This was the first vintage for the Vauthier family of Château Ausone off this tiny three-hectare estate. Composed of 80% Merlot, 15% Cabernet Franc and 5% Cabernet Sauvignon aged for 18 months in French oak barrels, 85% new, the 2015 La Clotte displays a medium to deep garnet-purple color and a very spicy nose of cinnamon stick, cloves, star anise and allspice over core of red and black currants, mulberries and black soil plus a waft of violets. Full-bodied and decadently fruited with a firm backbone of very ripe, beautifully velvety tannins, it has a lively backbone providing loads of lift throughout the very long finish. LPB
Pauline Vauthier considers the 2015 La Clotte to be the family’s maiden vintage after finishing the work in the winery after its acquisition in 2014 (there is also an ongoing replanting program). The oak barrel has integrated into the fruit since en primeur, though I would argue that it does not quite possess the sophistication of the Vauthier’s Haut Simard or Moulin St. Georges at the moment. The palate is medium-bodied with supple tannin, a fine thread of acidity, very pure in the mouth with blackberry, raspberry and veins of spice. There is pleasing depth to this La Clotte and impressive precision toward the finish. I have the feeling that La Clotte is going to be an exceptional wine in the future. This is the first step toward reaching those heights.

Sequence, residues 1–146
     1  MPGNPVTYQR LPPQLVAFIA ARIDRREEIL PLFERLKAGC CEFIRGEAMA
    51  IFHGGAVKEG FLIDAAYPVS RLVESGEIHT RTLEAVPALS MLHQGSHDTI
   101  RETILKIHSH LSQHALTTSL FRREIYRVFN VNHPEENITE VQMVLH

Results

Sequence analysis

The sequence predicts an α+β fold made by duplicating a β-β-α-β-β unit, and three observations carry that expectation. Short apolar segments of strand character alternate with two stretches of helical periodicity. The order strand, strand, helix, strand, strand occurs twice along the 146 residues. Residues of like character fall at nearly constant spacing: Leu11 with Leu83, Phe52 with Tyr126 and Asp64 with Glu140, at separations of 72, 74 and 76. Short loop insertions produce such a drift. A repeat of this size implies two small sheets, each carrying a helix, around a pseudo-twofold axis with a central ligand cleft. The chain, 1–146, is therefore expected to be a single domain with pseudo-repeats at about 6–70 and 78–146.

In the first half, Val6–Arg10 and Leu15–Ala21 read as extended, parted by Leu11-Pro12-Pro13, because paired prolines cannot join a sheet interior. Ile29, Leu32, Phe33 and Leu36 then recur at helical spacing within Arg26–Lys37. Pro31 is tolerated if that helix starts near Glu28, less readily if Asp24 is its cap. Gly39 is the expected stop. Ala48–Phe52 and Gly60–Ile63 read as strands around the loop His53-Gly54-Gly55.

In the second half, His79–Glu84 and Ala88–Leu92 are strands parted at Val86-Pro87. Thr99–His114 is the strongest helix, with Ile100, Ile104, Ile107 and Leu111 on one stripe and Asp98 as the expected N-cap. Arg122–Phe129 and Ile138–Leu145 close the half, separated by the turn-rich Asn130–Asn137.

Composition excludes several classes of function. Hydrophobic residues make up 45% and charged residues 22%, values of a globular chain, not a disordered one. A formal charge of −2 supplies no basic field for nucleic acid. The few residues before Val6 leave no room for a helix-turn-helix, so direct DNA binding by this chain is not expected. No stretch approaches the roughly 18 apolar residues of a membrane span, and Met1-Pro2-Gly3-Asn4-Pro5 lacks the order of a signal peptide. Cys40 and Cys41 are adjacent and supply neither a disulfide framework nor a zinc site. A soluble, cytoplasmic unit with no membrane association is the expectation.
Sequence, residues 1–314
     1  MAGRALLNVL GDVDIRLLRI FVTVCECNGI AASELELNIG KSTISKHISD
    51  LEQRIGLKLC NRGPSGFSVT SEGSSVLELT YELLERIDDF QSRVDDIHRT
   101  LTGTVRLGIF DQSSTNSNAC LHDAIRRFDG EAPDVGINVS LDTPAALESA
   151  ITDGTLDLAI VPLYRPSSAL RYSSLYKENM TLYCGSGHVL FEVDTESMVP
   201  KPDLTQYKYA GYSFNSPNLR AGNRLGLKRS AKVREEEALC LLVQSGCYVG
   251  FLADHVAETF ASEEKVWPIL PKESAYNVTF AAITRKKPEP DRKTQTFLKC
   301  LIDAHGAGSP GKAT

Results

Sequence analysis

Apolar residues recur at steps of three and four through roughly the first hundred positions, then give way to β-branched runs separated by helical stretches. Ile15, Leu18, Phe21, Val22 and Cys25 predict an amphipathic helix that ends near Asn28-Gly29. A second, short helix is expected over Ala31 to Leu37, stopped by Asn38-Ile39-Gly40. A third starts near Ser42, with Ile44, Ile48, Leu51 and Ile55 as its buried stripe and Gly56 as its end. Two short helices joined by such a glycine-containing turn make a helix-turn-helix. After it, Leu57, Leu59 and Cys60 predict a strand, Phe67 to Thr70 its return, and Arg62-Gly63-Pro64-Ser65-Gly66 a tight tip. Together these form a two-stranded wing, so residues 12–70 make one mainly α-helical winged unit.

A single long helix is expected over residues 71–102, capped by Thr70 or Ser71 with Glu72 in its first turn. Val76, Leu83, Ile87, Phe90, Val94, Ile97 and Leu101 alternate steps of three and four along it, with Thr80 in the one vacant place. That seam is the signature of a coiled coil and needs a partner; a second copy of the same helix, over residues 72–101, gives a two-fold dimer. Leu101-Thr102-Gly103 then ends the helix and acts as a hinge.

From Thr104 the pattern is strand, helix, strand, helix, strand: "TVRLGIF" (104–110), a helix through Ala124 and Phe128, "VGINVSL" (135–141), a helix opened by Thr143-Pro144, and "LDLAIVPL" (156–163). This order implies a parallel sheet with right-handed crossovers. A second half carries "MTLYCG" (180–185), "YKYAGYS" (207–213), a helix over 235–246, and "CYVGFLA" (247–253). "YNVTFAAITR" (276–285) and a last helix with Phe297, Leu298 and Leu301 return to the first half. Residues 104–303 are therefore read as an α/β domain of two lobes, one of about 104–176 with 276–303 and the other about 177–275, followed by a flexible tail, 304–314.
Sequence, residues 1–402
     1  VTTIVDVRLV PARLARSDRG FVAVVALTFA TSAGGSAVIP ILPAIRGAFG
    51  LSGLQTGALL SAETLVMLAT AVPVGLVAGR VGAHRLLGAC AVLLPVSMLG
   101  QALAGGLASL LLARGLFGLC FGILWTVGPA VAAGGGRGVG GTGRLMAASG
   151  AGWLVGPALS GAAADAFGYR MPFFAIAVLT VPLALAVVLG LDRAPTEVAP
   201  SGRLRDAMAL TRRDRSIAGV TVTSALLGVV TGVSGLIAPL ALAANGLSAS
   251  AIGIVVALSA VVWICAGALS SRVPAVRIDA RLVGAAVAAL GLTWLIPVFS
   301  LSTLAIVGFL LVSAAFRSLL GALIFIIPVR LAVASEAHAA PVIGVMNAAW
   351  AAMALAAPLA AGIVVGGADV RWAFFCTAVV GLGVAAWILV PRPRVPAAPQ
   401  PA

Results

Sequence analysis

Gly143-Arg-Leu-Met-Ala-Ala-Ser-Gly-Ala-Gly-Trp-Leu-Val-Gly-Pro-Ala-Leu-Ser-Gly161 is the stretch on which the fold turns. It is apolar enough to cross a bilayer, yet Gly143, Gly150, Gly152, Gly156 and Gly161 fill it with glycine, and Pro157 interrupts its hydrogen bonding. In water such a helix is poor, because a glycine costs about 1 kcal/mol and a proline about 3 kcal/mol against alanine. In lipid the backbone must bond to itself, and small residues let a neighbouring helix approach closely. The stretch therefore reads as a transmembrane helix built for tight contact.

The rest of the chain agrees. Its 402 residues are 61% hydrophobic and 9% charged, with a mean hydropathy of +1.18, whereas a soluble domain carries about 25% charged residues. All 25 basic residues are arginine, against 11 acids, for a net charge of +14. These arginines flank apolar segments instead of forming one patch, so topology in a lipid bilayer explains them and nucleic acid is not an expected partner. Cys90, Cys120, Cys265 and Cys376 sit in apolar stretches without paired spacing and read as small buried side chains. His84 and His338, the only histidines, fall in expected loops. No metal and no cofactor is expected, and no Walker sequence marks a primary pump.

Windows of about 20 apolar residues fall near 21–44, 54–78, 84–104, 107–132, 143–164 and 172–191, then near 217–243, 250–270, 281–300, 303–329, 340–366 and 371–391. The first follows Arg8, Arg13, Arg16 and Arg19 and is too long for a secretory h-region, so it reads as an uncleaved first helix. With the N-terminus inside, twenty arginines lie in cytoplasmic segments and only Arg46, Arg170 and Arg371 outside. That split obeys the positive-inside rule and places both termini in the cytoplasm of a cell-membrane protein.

Very perfumed and beautiful with blackberry and blueberry aromas that follow through to a medium to full body, firm and silk tannins and a chalky and limestone undertone. Peppery edge. Lightly chewy finish.
Made by Alain Vauthier and from a similar terroir to Ausone, yet with a different exposition, the 2015 Château La Clotte is a blend of 80% Merlot, 15% Cabernet Franc, and 5% Cabernet Sauvignon raised in 85% new French oak. Possessing an incredible elegance and purity, with medium to full-bodied richness and notes of cassis and black raspberry fruits, underbrush, damp earth and subtle oak, it has a striking floral component, a great mid-palate, and sweet tannin, all suggesting it’s going to keep for at least 10-15 years.
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